AirAsia partner with Google to launch ‘tech academy’ in Asia
AirAsia and Google's new facility planned to open by years end
AirAsia Group President Aireen Omar informed the Nikkei Asian Review that new technology talent would play a vital role in the group’s development of new businesses. Helping fulfil Group CEO Tony Fernandes’ plans to turn AirAsia into a digital disrupter of the era.
“Because of our long-term partnership with them, we asked Google why not collaborate with us to set up a technology academy, and they agreed,” Aireen said in an interview with Nikkei.
Tim Synan, the regional director for Southeast Asia at Google Cloud, said the AirAsia-Google Cloud Academy is a collaboration between the RedBeat Ventures at AirAsia and Google Cloud.
“Together we’re collaborating to upskill AirAsia AllStars with expertise in Google Cloud technologies, and develop great technical skills and Cloud expertise in Kubernetes, smart analytics, Cloud AI and more,” Synan said.
“Google Cloud and our authorised training partners also offer Cloud training and facilitation to AirAsia AllStars through self-paced labs, on-demand courses via Coursera, classroom training and advanced solutions labs with Google Cloud Certifications.” Last year, AirAsia revealed plans to expand its online service to include flight bookings.
Fernandes is finding new sources of revenue as earnings fall in the face of rising fuel costs and intensifying demand.
Last year he told Nikkei that he planned to spend 100 million Malaysian ringgit ($24.6 million) a year and use the data collected from the 100 million passengers he brings to build an “Amazon of travel.” In June 2018, AirAsia’s technology subsidiary Redbeat Ventures purchased nine non-airline tech companies from AirAsia to concentrate on the development of non-core businesses in the aviation industry.
The nine firms included AirAsia BIG Loyalty, BigPay e-money service provider, Travel360 in-flight website, ROKKI Wi-Fi operator in-flight, Ourshop duty-free network, RedCargo Logistics and RedBox Logistics enterprises, as well as Vidi travel company and RedTix online ticketing platform.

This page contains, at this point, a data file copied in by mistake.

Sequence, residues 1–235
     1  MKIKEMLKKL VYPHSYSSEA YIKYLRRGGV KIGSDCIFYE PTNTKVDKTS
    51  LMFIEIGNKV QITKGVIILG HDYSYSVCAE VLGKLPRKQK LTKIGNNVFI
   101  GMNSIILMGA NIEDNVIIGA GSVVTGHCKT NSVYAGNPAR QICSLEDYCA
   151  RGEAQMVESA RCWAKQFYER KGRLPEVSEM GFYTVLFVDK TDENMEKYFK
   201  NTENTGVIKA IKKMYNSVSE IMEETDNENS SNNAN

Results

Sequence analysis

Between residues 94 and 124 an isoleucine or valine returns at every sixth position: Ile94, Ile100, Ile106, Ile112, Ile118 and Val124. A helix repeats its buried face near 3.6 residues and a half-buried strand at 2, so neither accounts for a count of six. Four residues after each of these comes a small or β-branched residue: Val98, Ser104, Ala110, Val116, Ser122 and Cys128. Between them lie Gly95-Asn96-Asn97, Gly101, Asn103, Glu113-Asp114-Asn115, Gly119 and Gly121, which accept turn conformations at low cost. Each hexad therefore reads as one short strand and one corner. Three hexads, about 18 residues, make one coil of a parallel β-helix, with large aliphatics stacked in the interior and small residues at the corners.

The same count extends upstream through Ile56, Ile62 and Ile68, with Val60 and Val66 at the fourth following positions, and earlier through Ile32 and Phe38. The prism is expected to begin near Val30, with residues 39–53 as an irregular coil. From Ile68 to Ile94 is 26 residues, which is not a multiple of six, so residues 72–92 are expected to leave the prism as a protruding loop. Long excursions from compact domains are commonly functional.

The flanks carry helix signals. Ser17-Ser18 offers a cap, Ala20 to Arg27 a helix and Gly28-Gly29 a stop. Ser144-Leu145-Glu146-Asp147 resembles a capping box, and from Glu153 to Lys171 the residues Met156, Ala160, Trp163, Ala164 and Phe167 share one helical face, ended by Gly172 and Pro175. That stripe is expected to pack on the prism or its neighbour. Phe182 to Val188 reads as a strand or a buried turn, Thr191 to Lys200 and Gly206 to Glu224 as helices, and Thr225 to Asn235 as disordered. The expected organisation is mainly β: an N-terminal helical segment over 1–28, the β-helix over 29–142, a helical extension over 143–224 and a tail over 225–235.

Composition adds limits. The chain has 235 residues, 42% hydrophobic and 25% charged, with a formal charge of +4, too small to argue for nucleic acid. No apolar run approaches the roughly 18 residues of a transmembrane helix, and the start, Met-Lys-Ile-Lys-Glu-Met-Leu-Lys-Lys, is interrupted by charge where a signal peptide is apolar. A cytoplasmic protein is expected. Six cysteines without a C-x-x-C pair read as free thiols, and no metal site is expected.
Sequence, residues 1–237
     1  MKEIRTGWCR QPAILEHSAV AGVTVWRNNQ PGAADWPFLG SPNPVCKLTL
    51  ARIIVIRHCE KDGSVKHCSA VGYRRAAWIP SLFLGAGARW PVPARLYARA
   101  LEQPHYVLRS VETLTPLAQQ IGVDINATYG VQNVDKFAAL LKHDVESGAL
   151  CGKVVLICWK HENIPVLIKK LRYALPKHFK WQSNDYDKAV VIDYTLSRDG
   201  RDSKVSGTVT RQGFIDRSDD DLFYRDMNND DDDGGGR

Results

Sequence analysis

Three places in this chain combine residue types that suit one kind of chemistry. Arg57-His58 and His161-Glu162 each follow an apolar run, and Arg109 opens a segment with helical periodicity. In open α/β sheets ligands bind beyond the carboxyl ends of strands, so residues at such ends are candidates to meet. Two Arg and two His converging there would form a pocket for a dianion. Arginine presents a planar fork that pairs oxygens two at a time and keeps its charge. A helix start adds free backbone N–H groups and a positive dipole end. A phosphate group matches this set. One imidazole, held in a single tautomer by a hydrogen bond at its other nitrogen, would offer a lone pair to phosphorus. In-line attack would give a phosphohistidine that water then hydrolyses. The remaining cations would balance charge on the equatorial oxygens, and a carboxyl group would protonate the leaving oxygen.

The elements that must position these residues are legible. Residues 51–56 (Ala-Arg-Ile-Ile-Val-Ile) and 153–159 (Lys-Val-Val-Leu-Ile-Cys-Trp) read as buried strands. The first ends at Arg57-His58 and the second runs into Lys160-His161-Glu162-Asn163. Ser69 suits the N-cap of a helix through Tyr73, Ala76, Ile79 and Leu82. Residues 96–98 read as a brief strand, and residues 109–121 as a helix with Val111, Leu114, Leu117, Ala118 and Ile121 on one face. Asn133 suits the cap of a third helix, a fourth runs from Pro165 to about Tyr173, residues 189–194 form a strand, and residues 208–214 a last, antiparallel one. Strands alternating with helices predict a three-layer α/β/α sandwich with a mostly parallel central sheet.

Fernandes announced last month that Redbeat Ventures would launch five restaurants and franchise 100 cafes internationally over the next three to five years, including London and New York, as well as towns in China and Australia.
“We can’t be a lifestyle brand without food,” Fernandes said after the company launched its first fast-food restaurant. “Our airline food has been successful.[ We are] the first airline ever to commercialise food.” Most non-airline units in the group are in red, except for the logistics arm Teleport, which recorded a small operating profit of 62,12 million ringgit. Such firms have accounted for less than 6 per cent of AirAsia’s total revenue over the quarter ended in September.
At a period of industry overcapacity and low passenger traffic, AirAsia’s software academy initiative comes in the middle of tumbling earnings and increasing fuel costs as carriers struggle with fierce competition.
That has, in turn, prompted AirAsia to reel back global growth, divest some of its assets and, in the longer term, switch into an asset-light model.
The first initiative of its kind for AirAsia, as well as for Google, Aireen said by the end of this year the training facility would be open to public students.
“For a start, the academy will be open to internal AirAsia employees next month who want to be re-skilled to suit our current and future business operations,” said Aireen.
As more procedures are standardised, the training facility would also act as a kind of “tech talent pipeline” to help retrain AirAsia workers to other positions within the company.
“More jobs might become redundant in the next three years, so we are giving our employees the opportunities to reskill to suit the digital economy,” Aireen said.
Digital marketing, digital product strategy, software engineering and computer technology construction and design courses are amongst the courses to be presented.
Aireen said the academy would have its dedicated site, with all the courses offered for Google to accredit.
Google and AirAsia have a long-term relationship that started in October 2018 when AirAsia and Google Cloud joined forces to incorporate Google Cloud’s machine learning and artificial intelligence into its business processes and drive its transition into a global airline.